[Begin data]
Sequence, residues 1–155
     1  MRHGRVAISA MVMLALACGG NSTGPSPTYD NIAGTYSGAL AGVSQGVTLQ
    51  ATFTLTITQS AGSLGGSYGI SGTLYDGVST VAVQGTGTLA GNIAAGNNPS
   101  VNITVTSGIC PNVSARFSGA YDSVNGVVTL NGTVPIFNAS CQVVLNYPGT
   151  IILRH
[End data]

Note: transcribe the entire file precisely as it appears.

Sequence, residues 1–155
     1  MRHGRVAISA MVMLALACGG NSTGPSPTYD NIAGTYSGAL AGVSQGVTLQ
    51  ATFTLTITQS AGSLGGSYGI SGTLYDGVST VAVQGTGTLA GNIAAGNNPS
   101  VNITVTSGIC PNVSARFSGA YDSVNGVVTL NGTVPIFNAS CQVVLNYPGT
   151  IILRH